Cedar Mesa is one of the most sublime and culturally evocative landscapes on Earth. Since 1987, I’ve made more than 60 trips to that outback in southeastern Utah, hiking, camping and backpacking on forays lasting as long as 10 days. Nowhere else in the Southwest can you find unrestored ruins and artifacts left in situ in such prodigal abundance. And though roughly 75,000 enthusiasts visit Cedar Mesa each year, that’s a drop in the bucket compared with the four and a half million who throng the Grand Canyon. By wending my way into the more obscure corners of the labyrinth, I’ve gone days in a row without running into another hiker, and I’ve visited sites that I’m pretty sure very few or even no other Anglos have seen.

Hiking through such slick-rock gorges as Grand Gulch, Fish, Owl and Slickhorn Canyons would immerse the wanderer in breathtaking scenery in its own right, even if those places were devoid of prehistoric human presence. But to stand beneath the dwellings, kivas and granaries of the Ancestral Puebloans, as well as the hogans in which Navajos once lived, and to stare at hallucinatory panels of rock art engraved and painted on the cliffs as long as thousands of years ago, is to plunge into a spiritual communion with the ancients, even if the meanings of those sites and panels lie in the limbo of the lost.

What’s still there may soon be lost, as well. Cedar Mesa embraces tens of thousands of archaeological sites that chronicle a 13,000-year history, from Paleo-Indian times until the late 19th century. Administered by the woefully understaffed federal Bureau of Land Management, the mesa is hammered every year by rampant looting that a small number of rangers are powerless to stop. The plateau and canyons remain, in the words of Josh Ewing, executive director of the group Friends of Cedar Mesa, “undoubtedly the most significant unprotected archaeological area in the United States.”

More ominously, perhaps, the Utah State Legislature has its eye on the roughly 500,000 acres of pinyon and juniper forests and its twisting sandstone canyons.

Last month, Gov. Gary R. Herbert, a Republican, signed a resolution passed by the Republican-controlled Legislature opposing additional protections for Cedar Mesa and another area, the equally pristine San Rafael Swell, and asserting that livestock grazing and energy and mineral extraction could be done in a way that would preserve the area’s “scenic and recreational values.” Before it was amended, the measure had declared livestock grazing and “environmentally sensitive energy and mineral development” as the “highest and best use” for those two areas.


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Tory Manifesto Vows To Make UK 'Technology Centre Of EU' | Steve McCaskill | Tech Week Europe

Tory Manifesto Vows To Make UK 'Technology Centre Of EU' | Steve McCaskill | Tech Week Europe | @The Convergence of ICT & Distributed Renewable Energy | Scoop.it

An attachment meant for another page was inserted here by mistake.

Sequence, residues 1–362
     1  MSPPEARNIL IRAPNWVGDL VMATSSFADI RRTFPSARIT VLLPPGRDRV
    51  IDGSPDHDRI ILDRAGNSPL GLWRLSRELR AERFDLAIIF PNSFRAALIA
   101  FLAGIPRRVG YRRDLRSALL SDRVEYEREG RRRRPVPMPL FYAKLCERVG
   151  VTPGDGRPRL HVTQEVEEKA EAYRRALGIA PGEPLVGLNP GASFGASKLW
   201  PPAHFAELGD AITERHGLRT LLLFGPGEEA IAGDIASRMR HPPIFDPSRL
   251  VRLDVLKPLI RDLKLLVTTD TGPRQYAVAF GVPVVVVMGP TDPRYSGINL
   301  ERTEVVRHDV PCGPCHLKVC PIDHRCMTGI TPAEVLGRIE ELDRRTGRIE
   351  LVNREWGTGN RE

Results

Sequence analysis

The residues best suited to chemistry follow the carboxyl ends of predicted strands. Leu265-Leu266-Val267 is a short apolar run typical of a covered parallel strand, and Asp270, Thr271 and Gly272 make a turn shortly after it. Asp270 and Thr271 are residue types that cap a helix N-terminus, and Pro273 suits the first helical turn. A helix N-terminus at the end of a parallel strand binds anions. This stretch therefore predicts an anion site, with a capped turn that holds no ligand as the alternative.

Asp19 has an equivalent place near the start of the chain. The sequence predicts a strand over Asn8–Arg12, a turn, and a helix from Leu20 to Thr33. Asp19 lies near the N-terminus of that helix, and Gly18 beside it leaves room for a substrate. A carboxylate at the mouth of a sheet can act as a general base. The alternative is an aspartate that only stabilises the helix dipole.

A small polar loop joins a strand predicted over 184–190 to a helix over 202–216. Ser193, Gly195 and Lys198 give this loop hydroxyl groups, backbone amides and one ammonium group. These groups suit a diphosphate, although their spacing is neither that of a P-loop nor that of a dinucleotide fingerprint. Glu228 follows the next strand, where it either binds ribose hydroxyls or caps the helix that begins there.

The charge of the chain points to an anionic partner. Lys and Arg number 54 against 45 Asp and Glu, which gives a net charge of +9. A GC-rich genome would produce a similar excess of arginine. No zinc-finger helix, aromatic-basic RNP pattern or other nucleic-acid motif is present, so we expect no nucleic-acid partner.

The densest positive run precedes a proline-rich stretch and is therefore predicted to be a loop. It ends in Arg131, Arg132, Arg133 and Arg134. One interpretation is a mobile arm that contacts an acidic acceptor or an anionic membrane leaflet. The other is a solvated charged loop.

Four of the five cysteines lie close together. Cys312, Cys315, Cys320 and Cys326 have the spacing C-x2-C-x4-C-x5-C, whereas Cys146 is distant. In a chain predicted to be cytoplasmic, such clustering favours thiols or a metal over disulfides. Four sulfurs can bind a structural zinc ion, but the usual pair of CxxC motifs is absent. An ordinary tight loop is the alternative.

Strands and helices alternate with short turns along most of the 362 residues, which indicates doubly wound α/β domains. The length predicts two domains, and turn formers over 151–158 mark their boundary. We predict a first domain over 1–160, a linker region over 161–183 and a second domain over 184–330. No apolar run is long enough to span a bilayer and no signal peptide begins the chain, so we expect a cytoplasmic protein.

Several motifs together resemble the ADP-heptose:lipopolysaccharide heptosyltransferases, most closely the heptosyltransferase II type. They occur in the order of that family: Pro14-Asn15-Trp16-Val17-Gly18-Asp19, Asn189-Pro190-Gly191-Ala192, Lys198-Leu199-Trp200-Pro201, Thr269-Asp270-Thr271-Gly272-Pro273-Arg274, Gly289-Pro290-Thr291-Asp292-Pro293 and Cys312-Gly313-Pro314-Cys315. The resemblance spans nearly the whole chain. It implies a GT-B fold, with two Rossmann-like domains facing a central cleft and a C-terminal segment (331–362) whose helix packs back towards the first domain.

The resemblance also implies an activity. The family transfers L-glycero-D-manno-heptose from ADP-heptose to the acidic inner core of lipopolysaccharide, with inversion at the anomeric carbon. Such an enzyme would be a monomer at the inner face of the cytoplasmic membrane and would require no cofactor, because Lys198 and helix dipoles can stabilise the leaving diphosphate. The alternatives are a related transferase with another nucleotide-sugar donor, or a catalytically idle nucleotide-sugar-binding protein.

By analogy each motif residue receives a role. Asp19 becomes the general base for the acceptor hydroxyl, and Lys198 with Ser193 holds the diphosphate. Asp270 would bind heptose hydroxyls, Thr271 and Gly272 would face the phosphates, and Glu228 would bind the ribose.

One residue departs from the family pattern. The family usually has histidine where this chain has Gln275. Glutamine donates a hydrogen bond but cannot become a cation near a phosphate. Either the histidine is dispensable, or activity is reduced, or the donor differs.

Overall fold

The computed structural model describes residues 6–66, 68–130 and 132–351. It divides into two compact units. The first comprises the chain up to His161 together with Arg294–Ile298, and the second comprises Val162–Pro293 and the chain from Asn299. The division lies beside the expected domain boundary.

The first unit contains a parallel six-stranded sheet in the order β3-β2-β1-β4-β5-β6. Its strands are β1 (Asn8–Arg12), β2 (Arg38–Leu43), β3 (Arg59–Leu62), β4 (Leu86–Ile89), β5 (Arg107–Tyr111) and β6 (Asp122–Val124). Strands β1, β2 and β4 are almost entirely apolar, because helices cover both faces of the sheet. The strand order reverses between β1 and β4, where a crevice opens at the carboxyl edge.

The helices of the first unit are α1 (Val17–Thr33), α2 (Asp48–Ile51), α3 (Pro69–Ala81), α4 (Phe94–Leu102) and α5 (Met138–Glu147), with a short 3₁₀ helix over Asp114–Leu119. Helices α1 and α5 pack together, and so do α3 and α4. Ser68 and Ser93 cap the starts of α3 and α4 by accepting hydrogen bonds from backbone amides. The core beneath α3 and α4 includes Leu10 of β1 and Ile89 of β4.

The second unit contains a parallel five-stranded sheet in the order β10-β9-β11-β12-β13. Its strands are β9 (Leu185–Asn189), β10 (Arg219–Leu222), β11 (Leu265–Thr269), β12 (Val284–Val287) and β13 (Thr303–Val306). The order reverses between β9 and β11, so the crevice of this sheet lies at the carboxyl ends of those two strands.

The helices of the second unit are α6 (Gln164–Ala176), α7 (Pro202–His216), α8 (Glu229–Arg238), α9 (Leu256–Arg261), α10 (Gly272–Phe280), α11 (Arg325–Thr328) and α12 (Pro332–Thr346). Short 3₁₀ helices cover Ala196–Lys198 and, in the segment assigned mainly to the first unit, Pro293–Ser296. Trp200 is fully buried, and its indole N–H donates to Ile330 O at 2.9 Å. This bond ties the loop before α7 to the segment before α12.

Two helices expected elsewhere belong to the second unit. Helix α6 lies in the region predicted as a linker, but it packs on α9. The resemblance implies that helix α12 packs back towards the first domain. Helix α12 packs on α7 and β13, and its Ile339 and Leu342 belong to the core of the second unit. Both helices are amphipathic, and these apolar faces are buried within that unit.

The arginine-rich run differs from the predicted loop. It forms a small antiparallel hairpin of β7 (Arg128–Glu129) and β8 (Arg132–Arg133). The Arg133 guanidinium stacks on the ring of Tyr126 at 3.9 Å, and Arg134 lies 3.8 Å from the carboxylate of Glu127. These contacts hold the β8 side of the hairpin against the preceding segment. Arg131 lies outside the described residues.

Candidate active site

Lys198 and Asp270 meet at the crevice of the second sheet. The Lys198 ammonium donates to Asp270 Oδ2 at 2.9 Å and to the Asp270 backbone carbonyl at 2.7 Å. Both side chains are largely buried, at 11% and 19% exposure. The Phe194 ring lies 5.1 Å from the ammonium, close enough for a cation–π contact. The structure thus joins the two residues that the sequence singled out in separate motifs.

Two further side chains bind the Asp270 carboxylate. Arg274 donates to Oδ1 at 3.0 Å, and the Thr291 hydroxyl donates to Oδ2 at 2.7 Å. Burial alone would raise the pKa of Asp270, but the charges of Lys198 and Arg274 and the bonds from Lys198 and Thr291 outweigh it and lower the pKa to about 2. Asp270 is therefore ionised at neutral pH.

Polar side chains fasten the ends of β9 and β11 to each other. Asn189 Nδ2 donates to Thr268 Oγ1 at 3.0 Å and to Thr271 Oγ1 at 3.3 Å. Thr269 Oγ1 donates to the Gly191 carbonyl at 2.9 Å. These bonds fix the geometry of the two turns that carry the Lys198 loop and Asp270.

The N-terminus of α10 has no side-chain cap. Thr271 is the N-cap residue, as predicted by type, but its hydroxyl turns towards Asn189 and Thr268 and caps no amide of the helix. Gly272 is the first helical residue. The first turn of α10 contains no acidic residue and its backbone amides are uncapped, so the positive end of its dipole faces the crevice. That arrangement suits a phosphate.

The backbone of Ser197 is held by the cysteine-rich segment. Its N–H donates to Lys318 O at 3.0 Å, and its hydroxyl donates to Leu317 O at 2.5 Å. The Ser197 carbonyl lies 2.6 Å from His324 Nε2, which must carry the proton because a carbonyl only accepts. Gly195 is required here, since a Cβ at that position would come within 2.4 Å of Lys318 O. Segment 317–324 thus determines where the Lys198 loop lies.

The Conservatives have vowed to make the UK the “technology centre of Europe” if it wins the General Election on May 7, claiming the industry would stimulate regional development and create jobs across the country.

The party’s manifesto says more tech firms are setting up in the UK than any other country on the continent and details plans for better education, more apprenticeships and loans for entrepreneurs.

The document also outlines modified broadband and mobile ambitions, pledges to improve public services through technology and the promise of greater surveillance powers to the UK’s intelligence agencies.


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Thanks to the BP oil disaster, this Louisiana barrier island is washing away | Susan Cosier | onEarth.org

Thanks to the BP oil disaster, this Louisiana barrier island is washing away | Susan Cosier | onEarth.org | @The Convergence of ICT & Distributed Renewable Energy | Scoop.it

At this time five years ago, Cat Island, off the coast of Louisiana, was getting ready for breeding season. In spring, rare and endangered birds, like brown pelicans, come from all over to nest on this 5.5-acre spit in the sea, the Gulf region's fourth-largest rookery. After hatching, chicks would imprint on the place and later return to lay their own eggs in its eight-foot mangroves. Then on April 20, 2010, disaster struck. The Deepwater Horizon blowout began to spew oil into the Gulf of Mexico for 87 days straight.

As this National Geographic video shows, oil infiltrated Cat Island, killing the root system of its mangrove forest. Without those roots to hold the island together, the sea began to wash the island’s sediment away. Cat Island is disappearing. The birds that now return to their hatching grounds have nowhere to raise their chicks. Instead of flying elsewhere, they just don’t breed at all. If only this island had nine lives.


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One weird trick prevents bird deaths at solar tower power plants | Susan Kraemer | RenewEconomy.com.au

One weird trick prevents bird deaths at solar tower power plants | Susan Kraemer | RenewEconomy.com.au | @The Convergence of ICT & Distributed Renewable Energy | Scoop.it

America’s second solar power tower, the 110 MW Crescent Dunes project, the first US power tower to include storage, has been undergoing final commissioning (testing) at Tonopah in Nevada, where it will supply power for Las Vegas till midnight.


So SolarReserve is putting the thousands of heliostats (mirrors) through their paces to make sure everything works.


One of the tests is of standby position. (Standby is when the heliostats are waiting to go to work making electricity by focusing on the tower receiver. During standby they are not aimed at the tower receiver, but somewhere in the air.)